Tuesday, July 18, 2017

A Day In Waikouaiti

Waikouaiti's a small town and an historic one. Before Captain Cook first sighted the Otago Coast in 1770, the area was home to thousands of Maori, who over 1,500 years merged seven iwi (groups of people, or tribes) to become Kai Tahu. Sealers and shore whalers arrived, intermarried with the Kai Tahu, and thus a multi-cultural community began.

Matanaka Farm is near Waikouaiti in Otago, New Zealand. The five buildings are the oldest surviving farm buildings that are still in their original position in the country. The farm is owned and administered by Heritage New Zealand, and the buildings are registered as Category I and are considered "historically outstanding".

We had a flat white here on the main street, sitting in the sun, after a satisfying trip to Oddity across the street.
A good eye and carefully chosen and presented objects.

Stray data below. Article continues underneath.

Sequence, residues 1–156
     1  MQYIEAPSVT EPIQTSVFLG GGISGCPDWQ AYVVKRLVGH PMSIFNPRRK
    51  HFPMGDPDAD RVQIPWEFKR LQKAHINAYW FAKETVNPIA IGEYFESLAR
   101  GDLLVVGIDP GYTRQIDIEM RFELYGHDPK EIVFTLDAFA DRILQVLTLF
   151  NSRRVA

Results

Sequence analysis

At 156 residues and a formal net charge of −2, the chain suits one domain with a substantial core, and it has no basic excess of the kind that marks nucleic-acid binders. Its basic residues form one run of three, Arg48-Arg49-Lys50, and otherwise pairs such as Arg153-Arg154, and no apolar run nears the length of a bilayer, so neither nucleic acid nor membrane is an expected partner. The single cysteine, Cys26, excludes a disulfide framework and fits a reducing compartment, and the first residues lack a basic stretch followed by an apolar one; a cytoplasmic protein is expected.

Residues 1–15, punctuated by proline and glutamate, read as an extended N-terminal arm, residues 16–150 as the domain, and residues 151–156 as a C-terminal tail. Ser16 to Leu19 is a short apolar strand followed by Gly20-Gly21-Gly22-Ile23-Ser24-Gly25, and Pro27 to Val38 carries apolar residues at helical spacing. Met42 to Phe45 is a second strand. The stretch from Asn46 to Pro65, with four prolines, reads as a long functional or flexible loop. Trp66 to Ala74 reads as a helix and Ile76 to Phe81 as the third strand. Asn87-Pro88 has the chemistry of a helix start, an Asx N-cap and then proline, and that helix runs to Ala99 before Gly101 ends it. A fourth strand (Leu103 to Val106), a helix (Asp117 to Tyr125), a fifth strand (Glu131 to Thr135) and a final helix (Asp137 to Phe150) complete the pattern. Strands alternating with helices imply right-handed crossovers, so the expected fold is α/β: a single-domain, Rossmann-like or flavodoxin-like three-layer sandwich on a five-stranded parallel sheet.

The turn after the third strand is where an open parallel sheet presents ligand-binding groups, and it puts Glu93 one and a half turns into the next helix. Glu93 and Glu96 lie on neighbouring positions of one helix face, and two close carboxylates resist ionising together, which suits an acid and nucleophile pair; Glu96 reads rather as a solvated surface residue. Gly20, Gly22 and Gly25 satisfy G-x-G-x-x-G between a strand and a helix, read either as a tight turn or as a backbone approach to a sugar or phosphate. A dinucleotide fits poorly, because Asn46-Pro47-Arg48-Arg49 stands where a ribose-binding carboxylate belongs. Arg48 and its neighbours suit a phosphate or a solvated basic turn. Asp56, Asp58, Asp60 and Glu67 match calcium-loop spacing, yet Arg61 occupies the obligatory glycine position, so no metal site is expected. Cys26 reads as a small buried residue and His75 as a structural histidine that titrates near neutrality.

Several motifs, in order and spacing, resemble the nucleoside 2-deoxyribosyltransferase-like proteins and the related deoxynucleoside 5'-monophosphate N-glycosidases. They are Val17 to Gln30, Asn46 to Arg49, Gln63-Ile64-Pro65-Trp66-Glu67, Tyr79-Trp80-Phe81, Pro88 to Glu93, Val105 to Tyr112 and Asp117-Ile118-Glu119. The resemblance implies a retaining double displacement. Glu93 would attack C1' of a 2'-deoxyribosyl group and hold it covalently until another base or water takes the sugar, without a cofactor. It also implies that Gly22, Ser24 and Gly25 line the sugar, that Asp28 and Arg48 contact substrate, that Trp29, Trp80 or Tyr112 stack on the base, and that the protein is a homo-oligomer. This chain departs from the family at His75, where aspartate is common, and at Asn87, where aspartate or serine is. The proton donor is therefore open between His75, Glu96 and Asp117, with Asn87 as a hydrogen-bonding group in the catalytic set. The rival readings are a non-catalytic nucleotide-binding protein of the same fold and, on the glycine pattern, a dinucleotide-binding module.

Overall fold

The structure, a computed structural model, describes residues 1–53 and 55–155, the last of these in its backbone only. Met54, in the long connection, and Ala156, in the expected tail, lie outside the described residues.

NZ wood pigeons (kereru)

We talked at length to the owner and a friend who'd stopped by to visit. The friend lived not far away in Seacliff, and she told stories of the former Seacliff Asylum, which in the early 1940s burned, killing 37 women who were housed there with postpartum depression. She'd also seen the play based on this story. Wonderful conversation with these smart, engaging women.

Seacliff Asylum

 Also stopped and the bakery and may have come away with PB cookies and shortbreads...

The campground has a cage with half a dozen rainbow lorikeets, startlingly colorful, friendly, and very loud.
Rainbow lorikeets are brightly coloured, medium-sized parrots that are not considered to be established in the wild in New Zealand. Illegal releases of aviary birds in Auckland during the 1990s resulted in a breeding feral population that has since been eradicated. The rainbow lorikeet is considered a horticultural and conservation pest species, and is an Unwanted Organism in New Zealand.

The Queen of Flat Whites
bids you good evening

No comments:

Post a Comment